Motion sickness could become a problem for passengers as fully self-driving cars emerge, so Jaguar Land Rover is developing software with biometric sensors to detect it and alter acceleration, braking and lane position to reduce it. The company has driven 20,000 miles in simulations and on roads to improve the software, which will be part of future production cars.
Micromobility startup Unagi has launched a monthly scooter leasing program in New York and Los Angeles, promising sturdy vehicles -- and repairs within 24 hours. But a few factors may limit the offering's success: People don't like using scooters in bad weather, scooters aren't popular in communities of color, and monthly passes for bicycle ride-share programs are roughly one-eighth of the price Unagi is charging for a scooter.
The mobility industry changed significantly with the advent of such practices as car- and bike-sharing, and mobility-as-a-service was first proposed six years ago. But the practice has struggled, with low or nonexistent commissions one problem, along with the hesitance of public transit agencies to use mobility service apps rather than their own apps; as a result, mobility-as-a-service "doesn't match with consumer preferences or commercial traction," says Matthias Dill of mobility-focused venture fund Energy Impact Partners.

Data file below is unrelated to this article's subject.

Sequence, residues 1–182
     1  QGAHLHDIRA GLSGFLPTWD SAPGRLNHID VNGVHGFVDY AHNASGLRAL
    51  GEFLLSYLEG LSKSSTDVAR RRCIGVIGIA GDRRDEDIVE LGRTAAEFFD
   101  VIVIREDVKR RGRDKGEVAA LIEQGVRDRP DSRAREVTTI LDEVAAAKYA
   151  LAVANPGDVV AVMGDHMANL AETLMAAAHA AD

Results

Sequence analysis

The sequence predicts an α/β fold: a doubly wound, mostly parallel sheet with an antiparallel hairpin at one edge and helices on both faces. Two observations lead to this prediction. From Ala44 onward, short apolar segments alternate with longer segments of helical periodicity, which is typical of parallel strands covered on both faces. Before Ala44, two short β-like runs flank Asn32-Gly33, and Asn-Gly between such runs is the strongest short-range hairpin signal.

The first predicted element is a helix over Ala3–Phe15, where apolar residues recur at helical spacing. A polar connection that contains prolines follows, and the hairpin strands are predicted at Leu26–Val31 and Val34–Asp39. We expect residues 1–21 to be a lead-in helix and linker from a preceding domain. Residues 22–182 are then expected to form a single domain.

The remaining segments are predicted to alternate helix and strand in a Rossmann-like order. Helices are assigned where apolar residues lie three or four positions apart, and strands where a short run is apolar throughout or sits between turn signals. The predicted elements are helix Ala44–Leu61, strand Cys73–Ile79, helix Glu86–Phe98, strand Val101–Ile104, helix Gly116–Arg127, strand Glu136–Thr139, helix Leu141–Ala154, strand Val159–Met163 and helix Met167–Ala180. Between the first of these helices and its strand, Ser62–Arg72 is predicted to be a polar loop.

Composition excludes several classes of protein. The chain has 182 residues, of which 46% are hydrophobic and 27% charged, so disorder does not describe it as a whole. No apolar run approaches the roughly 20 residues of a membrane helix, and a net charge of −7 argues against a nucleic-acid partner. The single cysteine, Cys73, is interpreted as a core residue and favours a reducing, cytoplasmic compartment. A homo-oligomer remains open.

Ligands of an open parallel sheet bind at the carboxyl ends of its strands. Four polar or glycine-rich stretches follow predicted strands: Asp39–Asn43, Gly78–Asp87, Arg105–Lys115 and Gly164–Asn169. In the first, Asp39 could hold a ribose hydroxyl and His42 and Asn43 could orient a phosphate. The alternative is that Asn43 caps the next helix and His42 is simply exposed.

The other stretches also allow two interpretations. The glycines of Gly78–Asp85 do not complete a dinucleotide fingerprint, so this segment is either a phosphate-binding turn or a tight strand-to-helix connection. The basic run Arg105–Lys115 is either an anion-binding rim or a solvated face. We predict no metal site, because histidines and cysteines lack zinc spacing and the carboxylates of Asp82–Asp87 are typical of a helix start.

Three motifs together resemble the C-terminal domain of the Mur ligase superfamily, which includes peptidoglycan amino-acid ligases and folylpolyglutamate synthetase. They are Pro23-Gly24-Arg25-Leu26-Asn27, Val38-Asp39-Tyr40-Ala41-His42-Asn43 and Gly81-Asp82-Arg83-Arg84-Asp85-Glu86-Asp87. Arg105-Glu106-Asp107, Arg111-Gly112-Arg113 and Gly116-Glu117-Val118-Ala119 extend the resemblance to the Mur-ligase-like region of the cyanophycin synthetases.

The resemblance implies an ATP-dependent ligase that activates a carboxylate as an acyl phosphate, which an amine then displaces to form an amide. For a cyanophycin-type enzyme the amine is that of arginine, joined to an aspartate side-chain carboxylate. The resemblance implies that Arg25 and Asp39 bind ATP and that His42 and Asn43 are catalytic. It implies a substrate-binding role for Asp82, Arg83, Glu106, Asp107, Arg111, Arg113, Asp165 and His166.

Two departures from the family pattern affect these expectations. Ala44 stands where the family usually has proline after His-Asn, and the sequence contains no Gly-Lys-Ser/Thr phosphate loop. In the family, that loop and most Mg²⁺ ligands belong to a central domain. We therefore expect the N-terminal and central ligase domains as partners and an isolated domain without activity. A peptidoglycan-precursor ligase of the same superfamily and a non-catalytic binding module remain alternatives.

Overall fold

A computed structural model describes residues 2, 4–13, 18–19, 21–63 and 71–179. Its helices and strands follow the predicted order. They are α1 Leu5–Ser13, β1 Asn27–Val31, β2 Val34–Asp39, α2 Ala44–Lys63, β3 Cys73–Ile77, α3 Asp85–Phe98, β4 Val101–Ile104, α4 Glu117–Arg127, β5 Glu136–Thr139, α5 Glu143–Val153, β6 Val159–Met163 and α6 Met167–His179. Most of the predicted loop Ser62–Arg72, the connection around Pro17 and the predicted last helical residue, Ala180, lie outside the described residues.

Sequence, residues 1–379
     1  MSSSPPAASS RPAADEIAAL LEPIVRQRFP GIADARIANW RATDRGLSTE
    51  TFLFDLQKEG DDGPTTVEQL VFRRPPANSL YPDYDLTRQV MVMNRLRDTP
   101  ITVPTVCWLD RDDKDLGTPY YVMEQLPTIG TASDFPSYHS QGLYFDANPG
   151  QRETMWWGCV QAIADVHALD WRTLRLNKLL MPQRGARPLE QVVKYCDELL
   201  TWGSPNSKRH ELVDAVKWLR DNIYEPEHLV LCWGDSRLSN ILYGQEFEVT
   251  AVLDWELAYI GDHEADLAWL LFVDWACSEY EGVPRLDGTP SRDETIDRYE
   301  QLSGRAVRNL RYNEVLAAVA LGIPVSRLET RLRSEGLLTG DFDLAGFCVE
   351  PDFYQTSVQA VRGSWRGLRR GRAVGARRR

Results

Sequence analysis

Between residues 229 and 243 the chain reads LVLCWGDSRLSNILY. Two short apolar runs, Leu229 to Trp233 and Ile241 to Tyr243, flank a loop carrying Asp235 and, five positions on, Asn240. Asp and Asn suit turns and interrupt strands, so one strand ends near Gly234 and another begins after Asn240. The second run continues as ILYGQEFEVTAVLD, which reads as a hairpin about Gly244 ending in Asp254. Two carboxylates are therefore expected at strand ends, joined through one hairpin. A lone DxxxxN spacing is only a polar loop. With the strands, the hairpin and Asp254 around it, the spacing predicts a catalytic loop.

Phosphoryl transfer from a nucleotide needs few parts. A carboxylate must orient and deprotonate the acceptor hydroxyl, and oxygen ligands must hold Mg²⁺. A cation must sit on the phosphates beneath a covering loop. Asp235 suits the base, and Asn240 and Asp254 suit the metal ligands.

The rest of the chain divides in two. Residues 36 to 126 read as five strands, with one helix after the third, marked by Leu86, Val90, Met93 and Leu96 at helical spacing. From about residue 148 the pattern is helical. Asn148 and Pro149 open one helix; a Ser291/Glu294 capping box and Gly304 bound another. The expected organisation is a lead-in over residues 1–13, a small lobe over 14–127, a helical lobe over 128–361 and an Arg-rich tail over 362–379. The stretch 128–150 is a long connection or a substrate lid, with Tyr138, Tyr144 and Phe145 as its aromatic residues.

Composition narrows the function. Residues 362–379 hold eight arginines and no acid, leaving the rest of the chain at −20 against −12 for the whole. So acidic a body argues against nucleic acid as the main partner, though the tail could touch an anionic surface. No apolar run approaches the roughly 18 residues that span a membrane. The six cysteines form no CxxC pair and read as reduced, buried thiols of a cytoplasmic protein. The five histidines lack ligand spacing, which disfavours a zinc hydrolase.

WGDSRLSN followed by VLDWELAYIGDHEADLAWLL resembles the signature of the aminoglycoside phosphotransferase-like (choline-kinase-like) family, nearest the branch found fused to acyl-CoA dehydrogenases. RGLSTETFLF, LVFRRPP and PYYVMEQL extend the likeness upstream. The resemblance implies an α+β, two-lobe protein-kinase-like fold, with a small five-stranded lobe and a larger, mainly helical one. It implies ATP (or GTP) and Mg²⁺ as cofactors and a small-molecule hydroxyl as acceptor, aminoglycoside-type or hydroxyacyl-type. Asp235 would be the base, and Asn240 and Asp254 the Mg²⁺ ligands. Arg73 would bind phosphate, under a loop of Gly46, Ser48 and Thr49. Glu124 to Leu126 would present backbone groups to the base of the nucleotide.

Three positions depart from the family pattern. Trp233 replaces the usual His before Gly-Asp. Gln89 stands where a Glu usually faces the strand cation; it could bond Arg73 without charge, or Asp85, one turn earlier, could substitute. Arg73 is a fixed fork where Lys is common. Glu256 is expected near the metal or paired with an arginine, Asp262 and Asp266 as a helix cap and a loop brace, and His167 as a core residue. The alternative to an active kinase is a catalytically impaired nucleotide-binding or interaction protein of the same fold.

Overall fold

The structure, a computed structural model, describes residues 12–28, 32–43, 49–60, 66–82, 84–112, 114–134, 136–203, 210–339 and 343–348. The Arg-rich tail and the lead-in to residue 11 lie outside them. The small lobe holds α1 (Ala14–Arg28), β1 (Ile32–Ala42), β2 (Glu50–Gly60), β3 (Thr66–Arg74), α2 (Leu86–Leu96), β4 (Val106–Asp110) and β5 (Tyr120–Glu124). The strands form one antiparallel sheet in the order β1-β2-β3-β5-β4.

Drivers tend to react in one of four ways to pre-crash warning systems now found in many cars, a University of Missouri study finds. They may respond with quick avoidance action, notice the alert but not respond because they were already aware of the situation, ignore the alert because it's annoying, or ignore it because the alert does not seem warranted.
In light of Pittsburgh's transportation accessibility study, former Google Car worker Brad Templeton offers a brief history of disability access issues in public transit. He notes that solutions include the Kenguru, a one-person vehicle that a driver using a wheelchair can roll into, adding that such vehicles could eventually be used in services that could offer profitable rides while charging as little as 30 cents a mile.
Toyota and Blue Nexus will push electric vehicle adoption via related services, technical support and sales structure, and Toyota will take a 10% stake in Blue Nexus, which develops and sells electric drive modules and their calibration services. The move will see Toyota's calibration technologies paired with Blue Nexus' electric modules.